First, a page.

57: Increases to normal minimum pension age
The government has now published its response to its consultation on how it intends to increase normal minimum pension age (NMPA) from age 55 to age 57 with effect from 6 April 2028, together with draft provisions which will be included in the Finance Bill 2021-22 to implement the increase.
NMPA is the earliest age at which pension scheme members can take their benefits without incurring an unauthorised payments tax charge, unless they have a protected age of 50 under past tax rules or retire on ill-health grounds.
Although the final proposals are broadly as set out in the consultation, some changes have been made to the protections framework to address concerns raised by respondents. Key points to note include:
- the draft legislation allows for a NMPA below age 57 to be protected where on 5 April 2023, an individual has an unqualified right to take benefits at an age of less than 57, and this was expressly stated in the scheme rules on 11 February 2021 (the date of the consultation). A right is unqualified if the scheme rules expressly state that pension can be taken at age 55 and does not require employer or trustee consent. However, if a scheme defines NMPA by reference to the underlying legislation, this will not be an unqualified right; and
- the government’s original consultation proposed that scheme members would also keep their protected pension age if they transferred to another scheme as part of a block transfer (as currently applies to protected pension ages under age 55), but not if the transfer was an individual transfer. However, the government will now implement some easements:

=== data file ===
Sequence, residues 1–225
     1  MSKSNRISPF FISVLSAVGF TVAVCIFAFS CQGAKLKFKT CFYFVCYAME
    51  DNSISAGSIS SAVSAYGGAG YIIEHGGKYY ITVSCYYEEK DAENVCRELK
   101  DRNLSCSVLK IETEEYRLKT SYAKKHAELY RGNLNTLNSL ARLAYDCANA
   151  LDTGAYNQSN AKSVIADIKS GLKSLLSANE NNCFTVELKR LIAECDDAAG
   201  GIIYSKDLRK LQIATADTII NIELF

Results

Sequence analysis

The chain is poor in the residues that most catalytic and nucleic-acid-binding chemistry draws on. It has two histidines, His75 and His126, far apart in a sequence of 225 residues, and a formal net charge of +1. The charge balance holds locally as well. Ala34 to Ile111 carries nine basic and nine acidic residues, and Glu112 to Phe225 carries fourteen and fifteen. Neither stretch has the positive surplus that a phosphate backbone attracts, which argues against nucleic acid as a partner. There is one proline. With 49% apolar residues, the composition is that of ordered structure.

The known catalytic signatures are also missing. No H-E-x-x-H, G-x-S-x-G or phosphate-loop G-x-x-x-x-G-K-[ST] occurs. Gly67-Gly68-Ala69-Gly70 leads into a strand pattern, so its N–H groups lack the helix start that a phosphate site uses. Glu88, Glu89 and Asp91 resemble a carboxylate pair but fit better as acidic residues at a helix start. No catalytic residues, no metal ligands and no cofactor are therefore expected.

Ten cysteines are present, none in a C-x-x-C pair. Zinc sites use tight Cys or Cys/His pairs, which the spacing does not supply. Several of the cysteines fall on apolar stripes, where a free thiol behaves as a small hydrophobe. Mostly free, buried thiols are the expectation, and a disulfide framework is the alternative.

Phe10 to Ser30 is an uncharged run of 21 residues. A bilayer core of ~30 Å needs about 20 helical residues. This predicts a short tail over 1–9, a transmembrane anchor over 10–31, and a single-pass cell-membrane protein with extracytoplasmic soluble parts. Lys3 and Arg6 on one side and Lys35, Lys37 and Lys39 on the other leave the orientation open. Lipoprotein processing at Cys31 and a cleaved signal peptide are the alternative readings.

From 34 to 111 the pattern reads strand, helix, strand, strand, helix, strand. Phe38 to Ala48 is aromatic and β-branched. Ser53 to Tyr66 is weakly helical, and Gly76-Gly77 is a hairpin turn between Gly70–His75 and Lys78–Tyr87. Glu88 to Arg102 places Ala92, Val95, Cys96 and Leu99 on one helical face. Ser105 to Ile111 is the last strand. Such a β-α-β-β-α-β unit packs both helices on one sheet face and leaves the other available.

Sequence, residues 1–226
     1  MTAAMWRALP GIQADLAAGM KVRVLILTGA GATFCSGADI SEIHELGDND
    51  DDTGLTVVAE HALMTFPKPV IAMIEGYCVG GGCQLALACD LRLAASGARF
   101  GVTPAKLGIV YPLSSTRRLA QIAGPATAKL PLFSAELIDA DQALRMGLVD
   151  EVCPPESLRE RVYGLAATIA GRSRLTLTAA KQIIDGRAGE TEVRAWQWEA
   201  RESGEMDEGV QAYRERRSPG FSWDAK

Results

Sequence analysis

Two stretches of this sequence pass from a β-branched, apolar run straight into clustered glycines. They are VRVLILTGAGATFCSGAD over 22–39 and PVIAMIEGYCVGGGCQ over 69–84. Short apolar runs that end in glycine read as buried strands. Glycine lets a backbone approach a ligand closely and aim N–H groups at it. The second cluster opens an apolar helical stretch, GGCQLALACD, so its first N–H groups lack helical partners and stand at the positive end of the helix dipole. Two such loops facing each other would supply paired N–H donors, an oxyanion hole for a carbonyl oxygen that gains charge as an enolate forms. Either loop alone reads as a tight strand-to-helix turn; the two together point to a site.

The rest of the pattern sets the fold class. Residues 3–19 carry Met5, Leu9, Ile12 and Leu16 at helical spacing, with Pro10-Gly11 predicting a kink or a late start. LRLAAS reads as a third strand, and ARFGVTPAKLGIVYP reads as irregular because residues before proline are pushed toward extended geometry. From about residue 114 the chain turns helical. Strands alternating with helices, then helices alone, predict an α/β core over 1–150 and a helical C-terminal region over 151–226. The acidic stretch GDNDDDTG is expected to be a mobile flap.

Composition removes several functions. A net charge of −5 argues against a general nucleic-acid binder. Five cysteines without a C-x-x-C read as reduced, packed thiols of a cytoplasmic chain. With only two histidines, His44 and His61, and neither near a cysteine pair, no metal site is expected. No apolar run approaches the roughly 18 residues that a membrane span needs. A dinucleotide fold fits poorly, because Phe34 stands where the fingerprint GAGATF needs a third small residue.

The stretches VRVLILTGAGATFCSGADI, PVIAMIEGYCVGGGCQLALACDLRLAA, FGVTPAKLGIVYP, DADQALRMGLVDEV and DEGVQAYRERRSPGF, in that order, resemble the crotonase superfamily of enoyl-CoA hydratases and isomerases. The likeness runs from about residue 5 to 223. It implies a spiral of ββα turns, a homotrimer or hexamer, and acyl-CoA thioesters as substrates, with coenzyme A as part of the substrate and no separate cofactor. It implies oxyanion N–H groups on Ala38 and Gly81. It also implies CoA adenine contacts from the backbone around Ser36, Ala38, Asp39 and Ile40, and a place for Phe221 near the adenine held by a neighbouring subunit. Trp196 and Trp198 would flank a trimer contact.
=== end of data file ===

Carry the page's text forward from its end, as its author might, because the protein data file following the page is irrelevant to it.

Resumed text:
- members will be able to retain their protected pension age following individual transfers; and
- a transfer will still qualify as a block transfer even where it takes effect more than 12 months after the member joined the receiving scheme.
However, these easements will not be extended to protected pension ages under age 55 and the protection will only apply to the transferred-in rights, not to all benefits in the receiving scheme, which is likely to mean that ring-fencing will be required.
There will be a carve-out for members of the police, firefighters and armed services pension schemes.
The government will provide further guidance and provisions on transitional arrangements, for example, where members do not have a protected pension age and have reached age 55 but not 57 by 6 April 2028.
A window of opportunity now exists to transfer before 6 April 2023 into a relevant scheme with an unqualified right to retire at age 55 in order to benefit from a protected pension age. The government has said that it will publish further guidance on what constitutes an unqualified right but that it is not feasible to provide sufficient detail to cover all permutations.
Schemes that are considering a bulk transfer of liabilities, including small DC schemes that are being pushed towards consolidation, will also need to consider whether the receiving scheme contains an unqualified right to retire at age 55 and how this might impact on members, especially as the 6 April 2023 deadline approaches.
There is also some concern that the changes will be a further target for scammers and while proposed new transfer regulations will allow trustees to prevent payments where there are signs of a scam, which would include an incentive to transfer such as the promise of accessing pension savings before NMPA, this may also adversely affect the ability of members to make a transfer with the purpose of obtaining a protected pension age.
Trustees and scheme managers may wish to seek advice on how NMPA is defined in their scheme rules and those schemes which are considering a bulk transfer should also consider the terms of the proposed receiving scheme in respect of NMPA and how this may affect member rights.